Let me play the devil's advocate for just a moment. While I hear a collective sigh or shudder go from the ranks of librarians and teachers around the world on discovering research that shows teens are reading less, I always wonder if we really need to spend energy worrying about this.
Common Sense Media issued a report in May that shows:
- Reading rates have dropped precipitously among adolescents
- 53% of 9-year-olds vs.. 17% of 17-year-olds are daily readers
- The proportion who "never" or "hardly ever" read has tripled since 1984. A third of 13-year-olds and 45% of 17-year-olds say they've read for pleasure one to two times a year, if that
- Reading achievement among older teens has stagnated
- Reading scores of fourth- and eighth-graders have improved, but those of 12th-graders haven't changed in 30 years
- There's a persistent gap in reading scores between white, black, and Latino kids
- 18% black and 20% Latino fourth-graders are rated as "proficient" in reading compared to 46% of white kids at that age (this gap has been relatively unchanged over two decades)
- There's also a gender gap in reading across ages
- Girls read 10 minutes more per day than boys on average
- More girls are rated as "proficient" in reading than boys, by 12 percentage points
As a person who not only is always reading a book or two, but is nervous when he doesn't have a least a couple waiting in the wings, these numbers do look startling. However I also recognize that my view of reading and its value are very much a result of my own biases. Especially when it comes to reading as a cultural or recreational pursuit.
I would argue (and I have my librarian hat on here) we need to be more discriminating when making statements about reading, especially by teens. Some questions I ask myself:
1. Is any kind of reading by adolescents always good? Is reading itself a prima facie good, especially for already proficient readers? Like G. Robert Carlson and Stephen Krashen, I do believe any kind of reading builds reading skills, but what about kids who already read well? How is reading a crappy novel any less a time-waster than watching a crappy movie or playing a mindless video game?
2. Are there constructive things teens are doing that may be better than reading? I wonder what kids are doing with the time they previously spent reading. The adult knee-jerk reaction is that they are texting, playing games, or watching video. But is it as likely that they are writing, making movies, coding, or watching TedTalks? What if they were exercising, playing sports, participating in scouting, or working? I have no evidence this is the case, but I don't remember seeing much evidence that reading is simply being replaced by mind-numbing activities either.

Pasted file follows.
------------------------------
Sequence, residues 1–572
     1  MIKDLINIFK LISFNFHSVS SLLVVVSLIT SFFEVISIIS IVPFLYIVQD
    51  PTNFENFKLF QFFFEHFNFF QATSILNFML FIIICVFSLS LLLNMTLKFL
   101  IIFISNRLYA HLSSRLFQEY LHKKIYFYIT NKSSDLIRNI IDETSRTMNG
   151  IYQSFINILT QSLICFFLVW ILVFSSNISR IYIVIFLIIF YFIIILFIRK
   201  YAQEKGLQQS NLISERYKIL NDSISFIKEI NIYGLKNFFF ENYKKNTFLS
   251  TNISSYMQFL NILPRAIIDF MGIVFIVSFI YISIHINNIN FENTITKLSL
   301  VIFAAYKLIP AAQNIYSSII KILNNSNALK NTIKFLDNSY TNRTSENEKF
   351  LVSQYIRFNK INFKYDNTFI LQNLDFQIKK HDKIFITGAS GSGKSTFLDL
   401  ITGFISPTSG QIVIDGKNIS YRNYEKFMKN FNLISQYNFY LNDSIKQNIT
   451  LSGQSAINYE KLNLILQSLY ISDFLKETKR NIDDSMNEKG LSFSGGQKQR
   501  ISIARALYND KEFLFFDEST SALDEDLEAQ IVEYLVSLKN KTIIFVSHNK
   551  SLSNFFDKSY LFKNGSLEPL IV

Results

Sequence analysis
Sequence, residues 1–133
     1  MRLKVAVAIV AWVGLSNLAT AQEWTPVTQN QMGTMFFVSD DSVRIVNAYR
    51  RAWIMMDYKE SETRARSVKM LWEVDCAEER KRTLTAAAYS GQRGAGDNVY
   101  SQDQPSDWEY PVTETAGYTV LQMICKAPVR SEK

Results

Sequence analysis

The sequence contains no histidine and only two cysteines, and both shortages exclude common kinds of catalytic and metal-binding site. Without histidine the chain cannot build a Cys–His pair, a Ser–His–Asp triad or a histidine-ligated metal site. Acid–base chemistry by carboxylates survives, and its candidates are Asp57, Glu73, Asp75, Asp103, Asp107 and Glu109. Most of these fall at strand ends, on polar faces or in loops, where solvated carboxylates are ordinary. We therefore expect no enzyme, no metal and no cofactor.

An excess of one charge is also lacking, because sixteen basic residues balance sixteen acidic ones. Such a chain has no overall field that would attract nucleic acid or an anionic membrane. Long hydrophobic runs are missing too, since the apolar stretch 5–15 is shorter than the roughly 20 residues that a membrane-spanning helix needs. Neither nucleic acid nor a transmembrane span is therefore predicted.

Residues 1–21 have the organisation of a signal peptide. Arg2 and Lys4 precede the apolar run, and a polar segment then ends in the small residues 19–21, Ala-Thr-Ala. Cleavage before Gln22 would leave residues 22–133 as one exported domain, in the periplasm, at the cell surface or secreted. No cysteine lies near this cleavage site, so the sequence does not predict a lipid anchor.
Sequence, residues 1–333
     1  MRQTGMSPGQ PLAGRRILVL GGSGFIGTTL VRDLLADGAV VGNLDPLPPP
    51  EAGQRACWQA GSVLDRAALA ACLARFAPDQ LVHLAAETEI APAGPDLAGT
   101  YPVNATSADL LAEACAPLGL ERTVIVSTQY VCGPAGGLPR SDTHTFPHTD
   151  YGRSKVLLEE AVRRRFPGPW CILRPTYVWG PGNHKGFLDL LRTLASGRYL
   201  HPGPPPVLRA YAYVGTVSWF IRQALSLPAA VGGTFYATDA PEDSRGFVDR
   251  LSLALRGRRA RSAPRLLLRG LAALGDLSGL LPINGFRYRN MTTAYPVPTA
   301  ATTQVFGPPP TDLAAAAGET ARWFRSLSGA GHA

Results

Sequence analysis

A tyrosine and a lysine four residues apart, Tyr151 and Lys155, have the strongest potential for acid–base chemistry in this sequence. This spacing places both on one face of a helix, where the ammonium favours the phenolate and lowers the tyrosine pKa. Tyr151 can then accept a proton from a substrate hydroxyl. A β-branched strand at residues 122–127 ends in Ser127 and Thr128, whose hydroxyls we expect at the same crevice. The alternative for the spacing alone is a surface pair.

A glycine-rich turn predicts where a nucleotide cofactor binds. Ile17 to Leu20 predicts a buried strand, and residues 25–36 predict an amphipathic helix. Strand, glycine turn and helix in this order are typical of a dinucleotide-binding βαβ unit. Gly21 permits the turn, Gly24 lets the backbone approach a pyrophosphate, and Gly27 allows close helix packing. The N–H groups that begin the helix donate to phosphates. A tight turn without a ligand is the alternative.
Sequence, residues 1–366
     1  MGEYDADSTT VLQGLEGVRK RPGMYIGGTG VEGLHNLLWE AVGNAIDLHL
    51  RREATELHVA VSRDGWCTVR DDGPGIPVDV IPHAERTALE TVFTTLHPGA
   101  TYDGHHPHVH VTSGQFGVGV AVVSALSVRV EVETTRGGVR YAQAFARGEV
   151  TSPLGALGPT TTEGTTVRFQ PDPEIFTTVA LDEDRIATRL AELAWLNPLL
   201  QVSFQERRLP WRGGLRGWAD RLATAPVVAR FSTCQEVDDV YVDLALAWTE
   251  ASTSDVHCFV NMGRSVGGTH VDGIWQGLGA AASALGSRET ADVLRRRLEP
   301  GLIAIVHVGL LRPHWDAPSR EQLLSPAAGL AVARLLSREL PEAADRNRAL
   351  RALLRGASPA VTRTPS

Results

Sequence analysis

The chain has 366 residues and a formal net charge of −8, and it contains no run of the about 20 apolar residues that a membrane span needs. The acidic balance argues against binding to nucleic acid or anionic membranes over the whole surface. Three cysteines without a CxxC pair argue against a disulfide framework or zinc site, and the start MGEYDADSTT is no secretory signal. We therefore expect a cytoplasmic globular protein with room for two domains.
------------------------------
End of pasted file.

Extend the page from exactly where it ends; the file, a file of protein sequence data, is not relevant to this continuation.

3. If we are encouraging reading because it allows young adults to practice important skills, what skills are those exactly? Just how proficient a "reader" does one need to be in order to be a fully engaged citizen today? Newspapers and magazines are written at about an 8th grade reading level. YouTube has virtually replaced how-to manuals. Critical reading for bias and factual accuracy has grown in importance with the radical politicizing of the press, but does recreational reading make one a more critical reader?
4. Is reading "great literature" a cultural artifact that will be done by a minority of connoisseurs, similar in appeal to those who attend opera today? I suspect that reading classic literature has already become a pastime of a rather small group of "cultural elites." Who actually reads Chaucer or Shakespeare or Austin or Melville or Hemingway or any poet? I don't hear a great outcry that students are spending less time listening to classical music or watching ballet. Yet we fuss about students reading less with the assumption being that they are reading less quality literature or significant non-fiction. (See point number 1 above.)
Given the ubiquity of smart phones and tablets and whatever, is it any wonder that time spent reading by teens has tanked - especially when we in education make reading work rather than pleasure by insisting on trotting out Red Badge of Courage and Great Expectations as a required to considered an educated human being. (See 4 Ways High School Makes You Hate Reading.) Heck, I spend less time reading (and more time writing, viewing, playing, Tweeting, blogging, etc.) and I like to read.
Worry-warts, get over it. Kids may be reading less, but it doesn't signal the end of civilization as we know it. Kids playing smart video games just may be an improvement over kids reading dumb books.